USA – FDA approves a new generic valsartan

Agency prioritizing review of ARB applications to help mitigate shortage of valsartan

Today, the U.S. Food and Drug Administration approved a new generic of Diovan (valsartan). Valsartan is an angiotensin II receptor blocker (ARB) that treats high blood pressure and heart failure. The FDA prioritized the review of this drug application to help relieve the recent shortage of this critical medicine as a result of multiple recalls of generic valsartan products from several manufacturers due to the finding that certain lots of valsartan and other ARB medicines contain nitrosamine impurities.

“We know that the ongoing recalls to prevent certain lots of valsartan that contain unacceptable limits of impurities from reaching patients has resulted in a shortage of these important medicines,” said FDA Commissioner Scott Gottlieb, M.D. “So to address the public health consequences of these shortages, we’ve prioritized the review of generic applications for these valsartan products. When faced with a drug shortage situation, the FDA employs a number of strategies to help mitigate the effects of the shortage on patients. As part of that work, we look at where we may be able to prioritize review of pending generic applications of the medicine in shortage, or similar products. We hope that today’s approval of this new generic will help reduce the valsartan shortage, and we remain committed to implementing measures to prevent the formation of these impurities during drug manufacturing processes for existing and future products. We’ll continue to work with manufacturers so that more medicines like valsartan, that belong to a class of drugs called angiotensin II receptor blockers, can be approved that are free of nitrosamine impurities to continue to address this ongoing shortage.”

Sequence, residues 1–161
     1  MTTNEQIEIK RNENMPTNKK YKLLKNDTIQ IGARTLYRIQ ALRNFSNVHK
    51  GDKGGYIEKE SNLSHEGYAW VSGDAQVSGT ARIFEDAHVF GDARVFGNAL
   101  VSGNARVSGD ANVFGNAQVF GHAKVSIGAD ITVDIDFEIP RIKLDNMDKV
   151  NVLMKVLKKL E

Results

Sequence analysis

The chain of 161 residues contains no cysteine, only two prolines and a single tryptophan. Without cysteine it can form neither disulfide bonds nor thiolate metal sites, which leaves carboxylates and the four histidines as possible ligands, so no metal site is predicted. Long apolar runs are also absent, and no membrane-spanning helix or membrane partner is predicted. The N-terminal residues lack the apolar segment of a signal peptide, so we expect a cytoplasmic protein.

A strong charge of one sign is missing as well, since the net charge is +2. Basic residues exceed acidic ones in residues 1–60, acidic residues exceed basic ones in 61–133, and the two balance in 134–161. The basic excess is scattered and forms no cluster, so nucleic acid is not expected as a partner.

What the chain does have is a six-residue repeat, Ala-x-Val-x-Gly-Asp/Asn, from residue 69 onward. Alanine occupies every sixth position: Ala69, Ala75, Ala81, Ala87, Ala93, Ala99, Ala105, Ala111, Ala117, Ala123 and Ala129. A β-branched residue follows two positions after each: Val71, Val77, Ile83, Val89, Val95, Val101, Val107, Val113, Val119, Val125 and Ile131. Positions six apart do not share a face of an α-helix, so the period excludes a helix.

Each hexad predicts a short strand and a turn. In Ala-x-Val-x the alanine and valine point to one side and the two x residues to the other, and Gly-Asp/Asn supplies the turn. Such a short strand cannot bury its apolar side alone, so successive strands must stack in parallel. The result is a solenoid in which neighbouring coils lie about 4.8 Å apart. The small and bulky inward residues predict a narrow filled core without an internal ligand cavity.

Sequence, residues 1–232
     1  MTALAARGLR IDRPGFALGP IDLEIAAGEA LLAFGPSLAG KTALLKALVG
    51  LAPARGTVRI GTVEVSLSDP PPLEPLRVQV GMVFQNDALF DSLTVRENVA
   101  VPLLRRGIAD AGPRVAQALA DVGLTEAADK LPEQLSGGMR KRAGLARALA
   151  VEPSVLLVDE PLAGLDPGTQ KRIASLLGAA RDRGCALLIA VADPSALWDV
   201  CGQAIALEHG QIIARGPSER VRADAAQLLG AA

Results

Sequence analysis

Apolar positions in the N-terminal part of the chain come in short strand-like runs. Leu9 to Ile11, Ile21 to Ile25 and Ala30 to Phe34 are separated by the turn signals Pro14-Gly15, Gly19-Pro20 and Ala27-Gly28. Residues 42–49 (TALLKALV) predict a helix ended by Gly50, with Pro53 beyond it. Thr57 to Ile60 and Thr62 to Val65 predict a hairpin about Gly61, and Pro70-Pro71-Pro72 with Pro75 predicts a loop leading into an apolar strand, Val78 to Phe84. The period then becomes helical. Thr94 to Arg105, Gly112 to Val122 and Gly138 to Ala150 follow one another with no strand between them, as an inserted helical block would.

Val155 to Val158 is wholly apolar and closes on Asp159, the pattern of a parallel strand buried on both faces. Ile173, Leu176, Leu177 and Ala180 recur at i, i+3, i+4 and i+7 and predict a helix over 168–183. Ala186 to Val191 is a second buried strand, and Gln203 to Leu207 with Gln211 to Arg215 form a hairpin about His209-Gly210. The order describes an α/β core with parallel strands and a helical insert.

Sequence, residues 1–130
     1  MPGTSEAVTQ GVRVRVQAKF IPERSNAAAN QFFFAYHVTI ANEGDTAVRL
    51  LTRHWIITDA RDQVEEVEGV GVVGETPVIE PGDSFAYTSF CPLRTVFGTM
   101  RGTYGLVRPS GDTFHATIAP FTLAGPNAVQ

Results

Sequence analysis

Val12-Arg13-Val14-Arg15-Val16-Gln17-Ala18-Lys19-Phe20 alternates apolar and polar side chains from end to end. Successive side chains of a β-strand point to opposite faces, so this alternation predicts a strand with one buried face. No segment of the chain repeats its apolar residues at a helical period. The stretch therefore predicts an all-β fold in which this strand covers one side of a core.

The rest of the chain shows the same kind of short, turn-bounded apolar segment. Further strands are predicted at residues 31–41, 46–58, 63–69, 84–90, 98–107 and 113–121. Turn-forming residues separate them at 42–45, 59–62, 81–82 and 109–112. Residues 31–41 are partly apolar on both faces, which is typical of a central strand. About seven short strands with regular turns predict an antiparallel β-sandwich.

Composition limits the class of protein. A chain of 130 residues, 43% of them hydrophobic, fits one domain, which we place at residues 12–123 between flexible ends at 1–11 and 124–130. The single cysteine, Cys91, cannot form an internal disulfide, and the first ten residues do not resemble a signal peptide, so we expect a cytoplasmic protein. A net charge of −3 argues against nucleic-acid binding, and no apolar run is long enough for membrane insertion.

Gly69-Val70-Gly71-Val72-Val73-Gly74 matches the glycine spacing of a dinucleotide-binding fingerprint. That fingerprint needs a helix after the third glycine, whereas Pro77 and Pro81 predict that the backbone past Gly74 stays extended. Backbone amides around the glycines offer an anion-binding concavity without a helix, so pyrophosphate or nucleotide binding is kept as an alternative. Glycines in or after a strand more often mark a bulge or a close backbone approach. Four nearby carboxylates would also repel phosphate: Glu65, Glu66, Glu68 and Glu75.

Since last summer, the FDA has conducted a major investigation to address the presence of nitrosamine impurities in certain generic ARB products. The FDA has worked with companies to take swift action to remove any products with unacceptable impurities from the U.S. market, and continues evaluating other ARBs to ensure they are free of impurities. FDA scientists have made important strides in understanding how these impurities may form during the manufacturing process and the agency is working with international drug regulatory agencies to make new testing methods available. The FDA has also engaged drug manufacturers and helped facilitate manufacturing process changes to ensure ARBs are free of detectable levels of nitrosamine impurities. Now that this risk has been identified, the agency is implementing new requirements to guard against the development of these impurities in drugs…